So just some questions to help you think more deeply about this question, why might King and Parliament now work together? So why might it be a positive thing, for that relationship? And also why might the rebellion increase tensions between King and Parliament? So, why might it be a negative thing? Just like you to bullet point some ideas, maybe two or three in your books.

Just pause this slide while complete that.

Excellent work.

Now we're going to go through my answers.

Now as always, you might have very different answers to me.

That's absolutely fine.

I'm sure that well justified and correct.

But if you feel like you'd like to add in the answers that I've got on this screen, then as always feel free to pause me, so you can do that.

So, Charles the first first and Ireland.

Some positive outcomes of this, between relationships the King and Parliament.

Charles decided as he was so horrified against the actions of the Irish Catholics immediately, he decided he wanted to crush the Irish Rebellion.

And for the first time, in a really long time, this led to the public really rallying around Charles and supporting him in making that decision.

And also the effect then went into parliament, as many MPs were willing to give Charles their support as well.

So actually what you see here is many people kind of forming an Alliance with Charles as they're both fighting together against the common enemy, which is the Irish.

However, there were some negatives to this as well.

At some point within the country, there were rumours that Charles, was actually supporting the Irish Catholics.

Now there is absolutely no evidence to support this, but you'll remember from Charles marrying the French Catholic, Princess Henrietta Maria and due to his Catholic seeming church reforms, a lot of people believe that Charles was this secret Catholic and that at one point he was going to turn against the country.

So at this point, people were giving all of these rumours and saying, yeah, well, Charles is actually on the side of the Irish.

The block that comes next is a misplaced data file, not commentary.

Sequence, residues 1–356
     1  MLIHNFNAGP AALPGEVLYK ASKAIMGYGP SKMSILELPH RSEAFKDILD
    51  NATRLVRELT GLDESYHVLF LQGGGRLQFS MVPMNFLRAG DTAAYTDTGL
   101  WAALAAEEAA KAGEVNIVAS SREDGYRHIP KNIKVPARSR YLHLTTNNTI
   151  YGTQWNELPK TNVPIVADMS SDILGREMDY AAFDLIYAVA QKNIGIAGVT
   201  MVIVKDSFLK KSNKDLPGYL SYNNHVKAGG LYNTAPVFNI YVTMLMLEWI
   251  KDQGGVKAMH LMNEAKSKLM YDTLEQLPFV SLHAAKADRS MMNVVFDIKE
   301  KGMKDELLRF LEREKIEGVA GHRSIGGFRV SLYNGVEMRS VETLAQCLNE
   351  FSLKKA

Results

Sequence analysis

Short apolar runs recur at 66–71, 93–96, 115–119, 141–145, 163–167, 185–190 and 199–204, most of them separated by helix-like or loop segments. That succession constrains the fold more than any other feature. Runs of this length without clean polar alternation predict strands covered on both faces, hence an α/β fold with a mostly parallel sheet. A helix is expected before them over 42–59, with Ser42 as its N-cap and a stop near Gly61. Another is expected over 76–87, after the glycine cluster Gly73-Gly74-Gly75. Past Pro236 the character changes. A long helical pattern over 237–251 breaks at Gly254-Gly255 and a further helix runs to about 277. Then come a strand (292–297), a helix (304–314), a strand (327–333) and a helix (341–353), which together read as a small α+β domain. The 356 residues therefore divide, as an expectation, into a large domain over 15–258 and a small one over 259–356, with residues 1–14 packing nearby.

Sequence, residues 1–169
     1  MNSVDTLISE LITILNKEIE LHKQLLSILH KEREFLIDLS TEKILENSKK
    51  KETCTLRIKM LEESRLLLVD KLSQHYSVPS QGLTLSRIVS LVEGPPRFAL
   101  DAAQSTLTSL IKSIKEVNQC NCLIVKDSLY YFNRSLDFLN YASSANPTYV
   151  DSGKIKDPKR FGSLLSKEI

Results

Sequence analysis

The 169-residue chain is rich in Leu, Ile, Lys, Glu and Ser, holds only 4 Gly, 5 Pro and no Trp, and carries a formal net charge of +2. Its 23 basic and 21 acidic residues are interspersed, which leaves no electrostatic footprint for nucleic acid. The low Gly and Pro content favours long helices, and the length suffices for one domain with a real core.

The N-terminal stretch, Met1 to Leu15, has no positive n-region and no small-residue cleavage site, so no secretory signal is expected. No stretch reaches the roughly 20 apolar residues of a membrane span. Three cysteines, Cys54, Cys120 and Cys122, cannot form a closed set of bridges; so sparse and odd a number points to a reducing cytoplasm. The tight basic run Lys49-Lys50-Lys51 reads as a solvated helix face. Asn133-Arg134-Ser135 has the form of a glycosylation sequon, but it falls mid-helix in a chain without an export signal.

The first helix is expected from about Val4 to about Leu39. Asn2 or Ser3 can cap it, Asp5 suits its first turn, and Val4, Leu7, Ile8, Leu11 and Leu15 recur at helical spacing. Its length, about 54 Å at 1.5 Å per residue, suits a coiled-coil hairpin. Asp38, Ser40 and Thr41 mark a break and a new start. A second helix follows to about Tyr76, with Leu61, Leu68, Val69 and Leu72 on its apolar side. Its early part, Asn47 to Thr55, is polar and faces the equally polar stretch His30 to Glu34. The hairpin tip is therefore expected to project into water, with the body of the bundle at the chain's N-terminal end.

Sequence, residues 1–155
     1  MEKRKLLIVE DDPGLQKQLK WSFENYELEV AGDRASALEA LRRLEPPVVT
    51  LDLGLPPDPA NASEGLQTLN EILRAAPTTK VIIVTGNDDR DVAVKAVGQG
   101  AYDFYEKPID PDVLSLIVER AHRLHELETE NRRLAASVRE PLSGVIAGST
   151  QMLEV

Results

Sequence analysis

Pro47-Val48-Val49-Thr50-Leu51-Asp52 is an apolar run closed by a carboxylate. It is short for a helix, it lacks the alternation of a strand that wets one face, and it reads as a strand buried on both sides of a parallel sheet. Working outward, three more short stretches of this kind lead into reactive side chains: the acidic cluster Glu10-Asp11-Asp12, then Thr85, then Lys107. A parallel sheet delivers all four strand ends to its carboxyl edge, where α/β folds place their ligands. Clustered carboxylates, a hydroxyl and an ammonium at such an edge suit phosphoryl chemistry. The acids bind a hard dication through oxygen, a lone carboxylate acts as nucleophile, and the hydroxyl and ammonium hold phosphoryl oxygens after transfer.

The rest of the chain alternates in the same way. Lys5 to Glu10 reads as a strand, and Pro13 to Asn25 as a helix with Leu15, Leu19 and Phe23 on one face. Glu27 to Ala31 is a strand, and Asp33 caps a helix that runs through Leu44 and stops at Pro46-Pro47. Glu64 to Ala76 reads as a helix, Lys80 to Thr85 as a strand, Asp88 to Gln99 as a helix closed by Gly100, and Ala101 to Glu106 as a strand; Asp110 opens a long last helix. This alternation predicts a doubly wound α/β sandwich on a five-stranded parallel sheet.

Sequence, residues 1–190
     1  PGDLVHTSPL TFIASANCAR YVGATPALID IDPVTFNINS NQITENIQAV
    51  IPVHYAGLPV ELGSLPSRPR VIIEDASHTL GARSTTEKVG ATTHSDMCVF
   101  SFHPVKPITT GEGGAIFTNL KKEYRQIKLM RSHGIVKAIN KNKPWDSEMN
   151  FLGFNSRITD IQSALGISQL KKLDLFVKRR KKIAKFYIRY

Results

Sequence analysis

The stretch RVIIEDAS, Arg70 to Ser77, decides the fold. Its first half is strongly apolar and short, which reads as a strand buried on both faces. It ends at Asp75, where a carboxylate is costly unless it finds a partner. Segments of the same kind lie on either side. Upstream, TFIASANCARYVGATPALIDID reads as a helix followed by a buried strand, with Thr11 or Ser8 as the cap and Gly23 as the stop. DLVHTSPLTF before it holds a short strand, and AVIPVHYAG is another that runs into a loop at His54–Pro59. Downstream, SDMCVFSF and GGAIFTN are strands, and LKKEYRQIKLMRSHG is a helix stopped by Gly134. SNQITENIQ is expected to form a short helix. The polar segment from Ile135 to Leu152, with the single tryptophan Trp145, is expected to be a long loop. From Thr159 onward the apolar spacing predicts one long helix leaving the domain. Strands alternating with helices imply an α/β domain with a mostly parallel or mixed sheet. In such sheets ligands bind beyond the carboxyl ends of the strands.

And it's all a lie.

So this is one negative.

You've got some rumours cropping up.

And secondly, John Pym, who you remember as being very aggressively against the King and the unofficial leader of the Parliament opposition to him start to become really concerned about this increasing enthusiasm towards Charles, due to him making the decision to go against Ireland.

So, what John Pym does, is he creates a document called the Great Remonstrance.


So, what makes the document which was highlighting all of Charles' mistakes that he'd made as King whilst he was on the throne.

And to be precise, it includes 241 mistakes.

John Pym was not messing around when he created this document.

And within it, he also demanded for an increase to Parliament's power as well.

And what this document did, is it really split Parliament in two.

You had two groups, some that were in favour of this document being passed through parliament, but some had actually thought that Pym had gone too far.

They actually thought, look now is not the time for us to fight with in England.

We really need to rally together so that we can fix the Irish crisis.

So, the Great Remonstrance got actually get published, very, very nearly doesn't, but the majority of parliament voted for it to go through.

And here, you can see the reaction of Charles the first, following, the Great Remonstrance.

So, you've got this drawing or this painting here.

And what I'd like you to do is try and work out what you can see.

What can you learn about Charles' reaction? You can see him there in the yellow ring.

And I'd also like to point out two other features.

So you've got Charles the first in the House of Commons, we've got very angry MPs, and we've also got one MP kneeling before Charles.

And that just some details that I've highlighted for you, they're in this drawing.

Now what I would like you to do, is write down what this picture suggests about Charles the first's reaction.

So I've got some sentence starters for you here.

First things first, you want to zoom in on one detail.

Now that might be one of the three that I've already mentioned.

You might want to focus on something entirely different and that's completely up to you.

So just, first of all, focus in on that detail from the source.

And then secondly, what can you learn from that? For instance, if you've got very angry MPs, what does that suggest about Charles the first's reaction, to the Great Remonstrance? Okay, just pause the slide here, whilst you write down maybe one or two things that you can learn about Charles the first's reaction from this source.

Off you go.

Excellent stuff, okay.

So here's an answer that I came up with and by all means, that doesn't mean that what you've written down, is wrong if it's different to mine.

I'm just going to show you the process I've gone through Okay? So, in this picture, I can see a lot of MPs that look very angry at Charles the first.

You can see a lot of them would furrowed brows and looking quite shocked at him for turning up at their place work.

So then I've gone on to think about the reaction of Charles here.